I did not bother insulting JavaScript because it uses the word “script” in its name, so is not being pretentious like Python is. And I would not really care except it is dangerous for people to falsely believe Python is a programming language, and people are wasting their time on it.
      SQL is so valuable that it in a catagory by itself, and the article said all that was needed on that.
      And you have websites wrong. A website is BOTH front end and back end. You can not have a website without both, and the most common backend for websites is either PHP or Python. I use them both.
      And getting back to Python, it is NOT good for data science, AI, or machine learning, AT ALL.
      It is way too slow, and does not do multi processor. All those applications require blinding speed because of their massive size, so Python is totally and completely impractical.
      Games can not be done in Python because it is not stand alone. And BitTorrent is just layers on top of FTP, for file sharing. That is not programming.

      • Python has had multiprocessing support since 2.6, not sure why somebody would say that it doesn’t.

        Also, Python is a back end language and yes you can have a web page without a back end language. JavaScript can provide some functionality and websites do exist that do little more than convey information… none of which requires backend processing.

        The speed might be a fair claim, but it is far more simple to work with, so coding speed has to account for something.

      • Oh and Java is an interpreted language as well, not sure why that wasn’t chastised with the same angst as Python and it is also very slow, yet less intuitive to work with.

  3. Brian Quinn

    I’m good with 6 of 8 of these. I had to drop supporting React. Never liked it. I’m good with Angular, TypeScript, Node and Express. I’ll even do Vue. I’ll keep busy with .NET and Java and even Python.

    • Saddened to see that my 3 favorite programming languages were not listed…Basic, RPG and COBOL. English is the most important language to help you get hired. While it may not be a programming language, I can’t imagine programming without it.

  4. I have to agree with these rankings.

    Python, Django, and MySQL/Mariah DB combo for small scale. Java, Springboot, BigQuery/Redshift DB (Data warehouse SQL), and BigTable/Dynamo DB (NoSQL) for large scale.

    For the all Javascript package: Javascript, React/Vue, HTML5, CSS, Node.js, Mariah DB (SQL), and MongoDB. All hosted on AWS with an Apple laptop.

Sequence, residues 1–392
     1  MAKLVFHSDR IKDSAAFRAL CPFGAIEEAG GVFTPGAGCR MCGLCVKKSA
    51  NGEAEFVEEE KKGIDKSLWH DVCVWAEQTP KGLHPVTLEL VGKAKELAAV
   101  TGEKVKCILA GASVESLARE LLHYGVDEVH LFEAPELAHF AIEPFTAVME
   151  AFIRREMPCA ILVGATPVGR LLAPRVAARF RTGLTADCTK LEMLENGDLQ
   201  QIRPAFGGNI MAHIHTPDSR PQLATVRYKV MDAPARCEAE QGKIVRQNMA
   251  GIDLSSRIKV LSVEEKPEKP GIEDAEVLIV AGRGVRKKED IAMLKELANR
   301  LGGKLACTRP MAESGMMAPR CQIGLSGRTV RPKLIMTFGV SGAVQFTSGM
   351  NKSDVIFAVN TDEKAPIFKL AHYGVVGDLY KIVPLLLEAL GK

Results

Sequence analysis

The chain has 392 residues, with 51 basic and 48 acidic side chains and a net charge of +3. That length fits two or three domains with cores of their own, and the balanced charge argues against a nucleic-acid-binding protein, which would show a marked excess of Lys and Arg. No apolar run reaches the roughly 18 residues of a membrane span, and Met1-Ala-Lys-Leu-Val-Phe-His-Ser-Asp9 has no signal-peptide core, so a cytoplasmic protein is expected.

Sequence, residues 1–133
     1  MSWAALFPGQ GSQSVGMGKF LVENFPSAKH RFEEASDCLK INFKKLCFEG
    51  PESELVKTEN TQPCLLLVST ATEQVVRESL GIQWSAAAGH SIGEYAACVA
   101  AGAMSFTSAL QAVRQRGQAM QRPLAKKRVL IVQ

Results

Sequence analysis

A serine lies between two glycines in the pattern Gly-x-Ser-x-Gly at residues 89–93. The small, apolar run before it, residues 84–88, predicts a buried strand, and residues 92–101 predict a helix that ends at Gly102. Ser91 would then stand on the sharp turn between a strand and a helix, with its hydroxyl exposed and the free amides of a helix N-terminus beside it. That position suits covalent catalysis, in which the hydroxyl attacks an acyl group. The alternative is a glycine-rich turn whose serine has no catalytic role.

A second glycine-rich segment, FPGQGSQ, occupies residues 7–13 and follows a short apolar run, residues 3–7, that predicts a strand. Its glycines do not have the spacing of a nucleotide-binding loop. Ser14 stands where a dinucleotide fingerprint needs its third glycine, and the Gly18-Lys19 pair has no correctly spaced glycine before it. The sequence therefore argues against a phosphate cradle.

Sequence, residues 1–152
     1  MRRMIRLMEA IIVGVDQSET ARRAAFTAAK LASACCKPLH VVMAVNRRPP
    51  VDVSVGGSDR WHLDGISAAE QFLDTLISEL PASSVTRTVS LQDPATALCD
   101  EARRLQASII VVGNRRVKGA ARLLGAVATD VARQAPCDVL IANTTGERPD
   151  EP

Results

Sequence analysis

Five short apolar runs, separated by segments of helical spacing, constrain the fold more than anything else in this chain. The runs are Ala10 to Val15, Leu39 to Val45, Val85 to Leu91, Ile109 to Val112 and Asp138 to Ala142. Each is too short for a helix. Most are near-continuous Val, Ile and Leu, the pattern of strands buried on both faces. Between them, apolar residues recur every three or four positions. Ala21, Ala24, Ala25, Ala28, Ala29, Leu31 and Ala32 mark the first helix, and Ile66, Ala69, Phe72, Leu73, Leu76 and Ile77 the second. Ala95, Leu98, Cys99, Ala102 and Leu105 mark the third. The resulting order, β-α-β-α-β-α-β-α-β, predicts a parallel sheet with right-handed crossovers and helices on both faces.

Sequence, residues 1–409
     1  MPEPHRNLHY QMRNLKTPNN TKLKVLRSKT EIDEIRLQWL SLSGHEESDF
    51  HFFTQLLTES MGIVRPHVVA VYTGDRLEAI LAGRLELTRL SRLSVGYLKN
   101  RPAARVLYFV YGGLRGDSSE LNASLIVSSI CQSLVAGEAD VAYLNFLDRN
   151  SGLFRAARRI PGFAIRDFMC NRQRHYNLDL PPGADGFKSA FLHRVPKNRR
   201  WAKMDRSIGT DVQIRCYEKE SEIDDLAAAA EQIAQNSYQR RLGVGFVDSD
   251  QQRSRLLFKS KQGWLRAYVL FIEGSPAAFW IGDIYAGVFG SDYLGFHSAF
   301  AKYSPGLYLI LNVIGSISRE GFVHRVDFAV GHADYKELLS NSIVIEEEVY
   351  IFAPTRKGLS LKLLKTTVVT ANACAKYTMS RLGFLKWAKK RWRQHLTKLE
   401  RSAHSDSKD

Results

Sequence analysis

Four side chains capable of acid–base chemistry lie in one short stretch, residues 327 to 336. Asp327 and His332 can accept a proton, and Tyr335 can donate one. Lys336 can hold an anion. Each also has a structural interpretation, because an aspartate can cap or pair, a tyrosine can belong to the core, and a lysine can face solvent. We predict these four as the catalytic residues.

5. Being interpreted or compiled is not the differentiator of what is a programming language. A programming language is defined by a grammar, and can be either interpreted, compiled, or both. Using a limiting term like macro would also not necessarily result in the underlying language used to not be a language, i.e. programming language. There are all kinds of programming languages: procedural, scripting shell, object oriented, etc. SQL is indeed a bit different since it is structured query language, but still a language, and programming logic can be created in stored procedures. Python is definitely a programming language under all definitions presented – and as already mentioned here, it is used for big data analysis and AI as well as many other functions, not just web site “macros”…. Even machine language is a programming language, although a low level language and not the easiest to learn. Us computer scientist types that came up with all this tech learned on interpreted languages like BASIC, then moved on to compiled but procedural and structural languages like C and Pascal, but then also backed up and learned how to define our own programming langugages with grammar, interpreter, compiler (remember YACC?), and then even programmed in Assembler or translated code to hardware using PALs. Do not be so limited in your thinking of what a programming language is – they all end up machine language in the end anyway….

    • Tim Wright

      WS – Thank you for the reasonable, sensible, and nostalgia-inducing reply. 🙂 I first coded using BASIC on a TRS-80 in high school and AppleSoft BASIC on my best friend’s Apple II+. In college, it was mostly Pascal and FORTRAN (oops – showing my age), but I had some classes in machine language coding. All of those are legitimate languages, compiled or not. To restrict the term “language” to technologies that are compiled is naive and narrow-minded. Your straightforward logic and clear, unemotional analysis are appreciated.